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Published on April 25, 2024
Los Angeles DA's Ethics Advisor, Diana Teran, Charged with 11 Felonies Amid Confidential File Misuse ClaimsSource: Unsplash/Tingey Injury Law Firm

A high-ranking official in the Los Angeles County District Attorney's Office has been slapped with 11 felony charges by the California state attorney general. Diana Teran, who previously served as Ethics and Integrity Assistant District Attorney under DA George Gascón, stands accused of unlawfully using confidential police officer files, said Attorney General Rob Bonta. The development poses a potential distraction for Gascón amidst his campaign for reelection.

The allegations reach back to Teran's work in 2018 when she operated as a Constitutional Policing Advisor at the Los Angeles County Sheriff’s Department. Bonta's office alleges that she accessed and later improperly utilized these confidential files after assuming her role within the LADA in January 2021. Teran's attorney has quickly fired back, stating that these charges are "dead on arrival," claiming she was merely fulfilling her duties of employment. Teran has also held positions in law enforcement monitoring with the Office of Inspector General and the L.A. County public defender’s office before ascending to her advisory role under Gascón, reported KTLA.

According to a press release by Bonta's office, "Public officials are called to serve the people and the State of California with integrity and honesty." The charges suggest a serious breach of trust by Teran, who oversaw cases laden with matters of public integrity, including allegations of police misconduct. The case's filings involve 11 unnamed sheriff's deputies and have fueled concern across the state’s legal landscape and could impact numerous active cases currently handled by Gascón’s office.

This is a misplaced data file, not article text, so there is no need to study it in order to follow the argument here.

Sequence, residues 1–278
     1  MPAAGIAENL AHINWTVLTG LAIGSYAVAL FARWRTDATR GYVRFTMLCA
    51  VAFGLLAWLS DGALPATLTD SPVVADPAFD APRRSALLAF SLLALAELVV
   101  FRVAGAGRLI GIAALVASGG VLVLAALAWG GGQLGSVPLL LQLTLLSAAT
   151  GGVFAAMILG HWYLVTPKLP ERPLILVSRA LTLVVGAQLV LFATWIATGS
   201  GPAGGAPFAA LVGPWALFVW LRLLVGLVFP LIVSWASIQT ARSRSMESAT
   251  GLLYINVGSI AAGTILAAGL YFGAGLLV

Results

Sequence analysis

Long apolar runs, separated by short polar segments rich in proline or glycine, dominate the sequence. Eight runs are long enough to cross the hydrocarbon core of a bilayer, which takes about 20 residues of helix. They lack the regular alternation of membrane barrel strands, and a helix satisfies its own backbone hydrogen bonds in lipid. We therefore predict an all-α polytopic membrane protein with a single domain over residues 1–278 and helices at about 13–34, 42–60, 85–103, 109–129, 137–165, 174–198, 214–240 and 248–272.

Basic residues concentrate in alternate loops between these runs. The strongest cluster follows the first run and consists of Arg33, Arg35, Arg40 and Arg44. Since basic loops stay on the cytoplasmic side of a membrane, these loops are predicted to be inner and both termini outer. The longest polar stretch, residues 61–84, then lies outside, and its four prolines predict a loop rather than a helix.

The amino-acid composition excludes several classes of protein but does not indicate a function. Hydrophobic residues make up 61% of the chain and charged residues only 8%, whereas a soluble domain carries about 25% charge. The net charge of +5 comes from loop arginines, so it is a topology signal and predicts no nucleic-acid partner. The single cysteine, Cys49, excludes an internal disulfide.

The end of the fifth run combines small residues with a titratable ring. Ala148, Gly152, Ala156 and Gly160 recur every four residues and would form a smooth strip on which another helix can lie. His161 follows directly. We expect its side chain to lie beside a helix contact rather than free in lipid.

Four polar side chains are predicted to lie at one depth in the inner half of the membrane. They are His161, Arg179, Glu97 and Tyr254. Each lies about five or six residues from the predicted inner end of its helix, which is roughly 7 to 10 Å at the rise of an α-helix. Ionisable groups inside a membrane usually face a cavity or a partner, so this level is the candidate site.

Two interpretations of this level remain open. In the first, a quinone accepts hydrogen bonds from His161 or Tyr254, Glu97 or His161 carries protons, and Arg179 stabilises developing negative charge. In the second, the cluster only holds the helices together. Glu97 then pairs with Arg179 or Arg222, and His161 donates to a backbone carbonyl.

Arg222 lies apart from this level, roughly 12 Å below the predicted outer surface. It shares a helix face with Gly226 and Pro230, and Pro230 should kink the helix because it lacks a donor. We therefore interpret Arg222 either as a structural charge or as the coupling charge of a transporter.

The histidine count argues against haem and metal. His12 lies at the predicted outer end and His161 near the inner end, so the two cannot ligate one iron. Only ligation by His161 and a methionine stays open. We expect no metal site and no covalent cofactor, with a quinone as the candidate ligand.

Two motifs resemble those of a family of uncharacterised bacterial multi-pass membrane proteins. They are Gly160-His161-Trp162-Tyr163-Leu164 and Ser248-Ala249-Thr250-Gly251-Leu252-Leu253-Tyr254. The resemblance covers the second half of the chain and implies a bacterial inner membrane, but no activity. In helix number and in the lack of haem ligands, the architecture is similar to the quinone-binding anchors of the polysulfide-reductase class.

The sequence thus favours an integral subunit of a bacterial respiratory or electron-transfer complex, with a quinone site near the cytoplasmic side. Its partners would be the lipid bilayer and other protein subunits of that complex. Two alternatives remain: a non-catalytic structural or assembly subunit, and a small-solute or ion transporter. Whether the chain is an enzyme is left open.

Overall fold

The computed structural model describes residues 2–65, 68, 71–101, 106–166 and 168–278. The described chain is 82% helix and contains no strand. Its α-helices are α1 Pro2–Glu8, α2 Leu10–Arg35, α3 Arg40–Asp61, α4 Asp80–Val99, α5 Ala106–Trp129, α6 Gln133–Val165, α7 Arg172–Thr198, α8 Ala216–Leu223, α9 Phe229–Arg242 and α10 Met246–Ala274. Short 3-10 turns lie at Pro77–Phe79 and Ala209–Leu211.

Details of the allegations remain limited, but they are tied to records that Teran allegedly downloaded while at the Sheriff's Department. These documents were believed to have been later provided to the discovery unit at the D.A.'s office, suggests a source familiar with the case quoted by the Los Angeles Times. Her attorney argues that this may all stem from Teran's efforts to compile the DA's "Brady List," a roster of law enforcement officers with credibility issues under the Supreme Court's landmark ruling that prosecutors must disclose such information. The timing is pivotal as California's transparency law - which makes serious use of force, sexual assault allegations, and dishonesty by officers a public record - wouldn't go into effect until after the alleged date of Teran's data access.

Villanueva, the former L.A. County Sheriff who frequently clashed with oversight figures, called the charges against Teran "a vindication of my administration" and signaled that more indictments may be forthcoming, as detailed in the Times. Adding to the storm surrounding these charges, Gascón's election opponent, Nathan Hochman, criticized Gascón for poor leadership and judgment in response to the news and highlighted the irony in Teran's charge over ethics and integrity.